Longitude was more tricky, though, because there is no obvious reference points, nor any obvious astrological signs to go by. Lines of longitude run from pole-to-pole, so the distance between them widens as you get close to the equator. To measure how far you’ve travelled east-west, you needed two things - a really good watch and an agreement on where 0 degrees should be (i.e. where to start measuring from).

In 1884 the International Meridian Conference met in Washington, D.C. and decided to use the Meridian that the British Royal Navy had been using on their maps, which just happened to run right through the Royal Observatory in Greenwich, England.

The Royal Observatory is now part of Greenwich Park, which includes parts of the old Naval College which is now part of the University of Greenwich and the London Maritime Museum as well.

I wandered down to Greenwich on a typically sunny English day (seriously, I think this whole rain thing is just something they said to keep the tourist away. They are now saying that it’ll not rain at all for the next two weeks, which is important for England as it is Wimbledon time - more on that in a future entry, though).

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From the Cutty Sark Docklands Light Rail stop, Greenwich Park is just a few steps away. The Cutty Sark clipper ship is also on display there, thus explaining the name of the rail station, however it is currently under repairs until 2009 so all you can see is a big, white tent. I guess if you use your imagination, you could pretend that you are looking at the Cutty Sark with her sails draped over her deck to dry them out, obscuring your view.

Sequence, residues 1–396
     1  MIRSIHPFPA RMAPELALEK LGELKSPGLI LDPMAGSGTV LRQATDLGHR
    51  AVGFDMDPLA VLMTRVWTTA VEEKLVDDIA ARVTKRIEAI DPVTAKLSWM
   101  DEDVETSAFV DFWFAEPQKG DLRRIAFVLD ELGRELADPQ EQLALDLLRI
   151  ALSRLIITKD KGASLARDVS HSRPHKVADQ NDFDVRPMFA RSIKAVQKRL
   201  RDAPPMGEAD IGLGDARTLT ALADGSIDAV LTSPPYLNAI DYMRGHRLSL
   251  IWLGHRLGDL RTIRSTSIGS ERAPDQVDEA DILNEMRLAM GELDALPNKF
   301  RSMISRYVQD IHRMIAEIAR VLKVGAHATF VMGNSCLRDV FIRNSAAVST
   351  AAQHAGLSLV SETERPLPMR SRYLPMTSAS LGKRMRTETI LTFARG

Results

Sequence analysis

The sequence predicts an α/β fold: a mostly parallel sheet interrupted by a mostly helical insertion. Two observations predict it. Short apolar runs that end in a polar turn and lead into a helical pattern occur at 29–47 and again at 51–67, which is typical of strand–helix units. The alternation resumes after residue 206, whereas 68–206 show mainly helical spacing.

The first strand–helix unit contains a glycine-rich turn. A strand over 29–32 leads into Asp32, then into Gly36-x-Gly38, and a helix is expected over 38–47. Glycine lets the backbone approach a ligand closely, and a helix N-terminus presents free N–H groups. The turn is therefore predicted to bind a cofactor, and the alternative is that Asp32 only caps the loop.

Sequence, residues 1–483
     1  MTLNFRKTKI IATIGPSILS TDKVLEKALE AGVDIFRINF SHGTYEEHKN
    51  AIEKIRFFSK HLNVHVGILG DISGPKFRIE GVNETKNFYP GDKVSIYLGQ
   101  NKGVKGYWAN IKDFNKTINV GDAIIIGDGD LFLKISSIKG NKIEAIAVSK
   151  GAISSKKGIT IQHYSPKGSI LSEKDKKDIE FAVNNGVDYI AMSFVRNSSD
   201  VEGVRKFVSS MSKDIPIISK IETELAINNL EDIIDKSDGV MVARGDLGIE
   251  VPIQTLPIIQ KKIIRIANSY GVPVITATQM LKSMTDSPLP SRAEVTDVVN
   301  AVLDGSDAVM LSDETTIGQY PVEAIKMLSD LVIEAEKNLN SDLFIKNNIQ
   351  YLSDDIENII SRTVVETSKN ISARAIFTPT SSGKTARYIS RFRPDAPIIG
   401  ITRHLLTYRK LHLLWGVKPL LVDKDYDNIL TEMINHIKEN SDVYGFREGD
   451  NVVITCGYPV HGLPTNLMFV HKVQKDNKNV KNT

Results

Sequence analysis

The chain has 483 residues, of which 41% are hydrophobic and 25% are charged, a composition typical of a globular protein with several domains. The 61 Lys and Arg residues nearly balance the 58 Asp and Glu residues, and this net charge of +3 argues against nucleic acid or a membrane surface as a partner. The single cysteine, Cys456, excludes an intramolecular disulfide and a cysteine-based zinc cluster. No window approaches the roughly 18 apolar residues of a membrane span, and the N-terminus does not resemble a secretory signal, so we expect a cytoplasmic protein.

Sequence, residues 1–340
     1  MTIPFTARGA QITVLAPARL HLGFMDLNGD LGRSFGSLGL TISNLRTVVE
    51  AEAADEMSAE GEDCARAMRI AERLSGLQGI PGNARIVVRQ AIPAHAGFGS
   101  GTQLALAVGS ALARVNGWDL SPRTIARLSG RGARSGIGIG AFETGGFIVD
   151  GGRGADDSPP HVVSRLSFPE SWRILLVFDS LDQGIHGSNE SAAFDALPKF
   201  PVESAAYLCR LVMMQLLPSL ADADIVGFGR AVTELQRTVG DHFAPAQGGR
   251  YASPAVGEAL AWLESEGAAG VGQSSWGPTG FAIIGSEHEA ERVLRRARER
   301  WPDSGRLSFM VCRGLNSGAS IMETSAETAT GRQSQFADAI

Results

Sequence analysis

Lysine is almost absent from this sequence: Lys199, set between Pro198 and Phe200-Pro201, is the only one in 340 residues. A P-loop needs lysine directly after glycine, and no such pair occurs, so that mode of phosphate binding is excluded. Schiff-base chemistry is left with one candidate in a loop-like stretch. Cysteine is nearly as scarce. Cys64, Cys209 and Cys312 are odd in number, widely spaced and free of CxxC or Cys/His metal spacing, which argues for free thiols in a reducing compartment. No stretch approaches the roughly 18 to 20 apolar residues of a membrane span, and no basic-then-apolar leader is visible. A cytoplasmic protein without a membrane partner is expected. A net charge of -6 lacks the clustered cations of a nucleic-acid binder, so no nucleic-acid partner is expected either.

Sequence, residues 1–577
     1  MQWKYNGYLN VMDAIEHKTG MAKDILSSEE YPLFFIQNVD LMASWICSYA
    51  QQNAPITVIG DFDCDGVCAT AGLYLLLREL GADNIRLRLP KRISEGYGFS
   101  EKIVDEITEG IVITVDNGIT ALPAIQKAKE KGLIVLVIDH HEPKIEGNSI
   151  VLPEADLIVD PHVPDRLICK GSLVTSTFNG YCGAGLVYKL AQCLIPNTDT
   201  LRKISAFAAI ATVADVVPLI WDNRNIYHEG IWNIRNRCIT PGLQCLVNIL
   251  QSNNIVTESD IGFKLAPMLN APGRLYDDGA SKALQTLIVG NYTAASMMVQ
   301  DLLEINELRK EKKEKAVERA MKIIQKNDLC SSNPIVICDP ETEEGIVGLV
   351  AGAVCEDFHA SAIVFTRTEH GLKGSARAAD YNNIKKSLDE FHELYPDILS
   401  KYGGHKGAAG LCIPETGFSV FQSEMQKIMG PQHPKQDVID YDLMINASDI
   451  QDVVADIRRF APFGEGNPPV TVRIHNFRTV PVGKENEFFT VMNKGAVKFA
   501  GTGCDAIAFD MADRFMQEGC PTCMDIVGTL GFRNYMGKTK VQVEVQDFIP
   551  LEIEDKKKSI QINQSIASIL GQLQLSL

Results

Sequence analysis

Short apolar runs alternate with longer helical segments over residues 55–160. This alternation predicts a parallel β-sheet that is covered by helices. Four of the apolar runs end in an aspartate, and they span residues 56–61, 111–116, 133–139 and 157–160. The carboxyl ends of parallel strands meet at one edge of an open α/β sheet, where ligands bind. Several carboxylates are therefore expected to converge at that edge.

Anyway, leaving my imagination and back to reality, the buildings closest to the water are old Naval College buildings and a sailors’ hospital.

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Today the buildings are used mostly as halls for the University of Greenwich. This courtyard is in the music department, so standing here I was treated to piano, cello and violin music wafting out of open windows.

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Two of the buildings of interest to tourists are the Painted Hall and the Chapel. The Painted Hall is called such because of the big hall which has a big mural on the ceiling. I’m surprise more people don’t fall down the stairs when walking out, as it’s hard not to walk around without your head tilted all the way back to take in the mural.